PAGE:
The Philippine Institute of Volcanology and Seismology (Phivolcs) on Friday, July 30, 2021, lowered the alert level status of Mayon Volcano from 1 to 0 as monitored parameters are back to normal levels.
Mayon Volcano has been at Alert Level 1 or abnormal status since July 17, 2020.
Phivolcs explained that lowering Phivolcs’ alert status from Alert Level 1 to Alert Level 0 means that “observational parameters have returned to baseline levels and no magmatic eruption is foreseen in the immediate future.”
It noted that the frequency of volcanic earthquakes has declined to baseline levels–about zero to five events per day–for the last six months, which indicates that “rock-fracturing within the volcanic edifice associated with magmatic or hydrothermal activity has diminished.”
“The integrated global positioning systems, electronic distance measurement, precise leveling, and electronic tilt data indicate ground deformation that is more coherent with local tectonic processes rather than pressurization from a magmatic or hydrothermal source,” it also pointed out.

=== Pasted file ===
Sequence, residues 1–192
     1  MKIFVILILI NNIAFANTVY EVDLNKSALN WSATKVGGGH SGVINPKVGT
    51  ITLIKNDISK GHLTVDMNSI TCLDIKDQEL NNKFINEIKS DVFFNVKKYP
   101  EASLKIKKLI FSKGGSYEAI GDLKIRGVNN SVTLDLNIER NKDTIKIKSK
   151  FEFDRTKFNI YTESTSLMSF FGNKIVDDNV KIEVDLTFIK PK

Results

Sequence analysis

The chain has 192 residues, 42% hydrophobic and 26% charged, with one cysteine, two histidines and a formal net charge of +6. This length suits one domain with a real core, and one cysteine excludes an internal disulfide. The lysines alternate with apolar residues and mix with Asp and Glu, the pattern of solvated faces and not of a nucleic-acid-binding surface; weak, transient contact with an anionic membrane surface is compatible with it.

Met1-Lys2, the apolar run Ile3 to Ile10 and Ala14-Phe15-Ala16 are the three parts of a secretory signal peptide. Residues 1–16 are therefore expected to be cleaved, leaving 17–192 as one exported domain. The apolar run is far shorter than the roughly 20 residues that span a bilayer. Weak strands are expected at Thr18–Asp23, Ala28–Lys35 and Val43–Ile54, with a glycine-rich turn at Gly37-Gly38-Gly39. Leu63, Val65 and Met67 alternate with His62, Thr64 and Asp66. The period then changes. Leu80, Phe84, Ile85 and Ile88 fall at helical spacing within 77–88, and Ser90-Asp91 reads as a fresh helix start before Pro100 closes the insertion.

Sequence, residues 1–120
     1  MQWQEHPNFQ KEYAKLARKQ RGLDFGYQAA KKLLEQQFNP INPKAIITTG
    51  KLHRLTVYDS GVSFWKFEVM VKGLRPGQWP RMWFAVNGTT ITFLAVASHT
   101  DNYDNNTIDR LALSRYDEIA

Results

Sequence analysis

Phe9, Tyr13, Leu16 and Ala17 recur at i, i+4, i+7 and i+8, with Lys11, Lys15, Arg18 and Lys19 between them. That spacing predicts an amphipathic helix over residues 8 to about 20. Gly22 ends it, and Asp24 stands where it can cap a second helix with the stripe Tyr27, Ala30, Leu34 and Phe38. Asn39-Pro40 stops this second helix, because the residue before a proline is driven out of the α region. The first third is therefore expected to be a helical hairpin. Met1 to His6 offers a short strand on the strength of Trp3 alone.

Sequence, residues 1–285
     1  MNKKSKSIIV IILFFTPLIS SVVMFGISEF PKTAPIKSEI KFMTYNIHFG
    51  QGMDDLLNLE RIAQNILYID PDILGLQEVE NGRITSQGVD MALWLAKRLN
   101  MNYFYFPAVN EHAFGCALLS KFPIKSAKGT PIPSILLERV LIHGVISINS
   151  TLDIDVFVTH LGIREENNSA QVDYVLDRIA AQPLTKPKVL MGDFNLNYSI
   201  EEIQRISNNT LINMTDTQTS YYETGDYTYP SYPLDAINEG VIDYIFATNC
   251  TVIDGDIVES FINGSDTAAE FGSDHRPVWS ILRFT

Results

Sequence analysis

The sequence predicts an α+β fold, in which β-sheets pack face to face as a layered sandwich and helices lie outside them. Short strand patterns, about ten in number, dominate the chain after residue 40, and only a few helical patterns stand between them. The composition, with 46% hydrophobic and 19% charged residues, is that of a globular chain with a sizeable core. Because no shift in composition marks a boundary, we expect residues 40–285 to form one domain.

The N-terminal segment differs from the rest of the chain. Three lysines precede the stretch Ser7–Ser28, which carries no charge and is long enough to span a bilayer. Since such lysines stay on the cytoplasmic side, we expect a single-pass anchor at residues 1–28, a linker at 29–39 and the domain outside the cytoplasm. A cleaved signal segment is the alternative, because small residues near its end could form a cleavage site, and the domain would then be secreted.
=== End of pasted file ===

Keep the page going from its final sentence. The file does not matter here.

Moreover, Phivolcs said sulfur dioxide emission or SO2 flux from the Mayon crater has declined below the baseline level of 500 tonnes per day since July 14, 2021.
The latest flux was measured at 156 tonnes per day on July 14 and “no plume has been detected since.”
“The relatively low levels of SO2 flux indicate that passive degassing from stored magma beneath the edifice is diminishing or increasingly scrubbed by Mayon’s hydrothermal system,” Phivolcs explained.
Faint crater glow, or incandescence associated with superheated gas emission at the summit vent, continues to be observed but only through a camera. Its last visibility with the naked eye was in May 2021.
Phivolcs said Mayon Volcano’s plume emission from the crater has been weak to moderate this year.
In addition, no changes in the summit lava dome extruded in the final phase of the 2018 eruption were observed during the past year.
“These observations are consistent with diminished magma degassing and the absence of magma intrusion within the edifice,” it pointed out.
However, Phivolcs said that in the event of a renewed increase in any one or combination of the Mayon Volcano’s monitoring parameters, “the alert status may step up once again to Alert Level 1.”
The public is still reminded to avoid entry into the six-kilometer permanent danger zone due to perennial hazards of rockfalls, avalanches, ash puffs, and sudden steam-driven or phreatic eruption at the summit area, which may occur without warning.
Likewise, people living in valleys and active river channels are asked to remain vigilant against sediment-laden streamflows and lahars in the event of prolonged and heavy rainfall.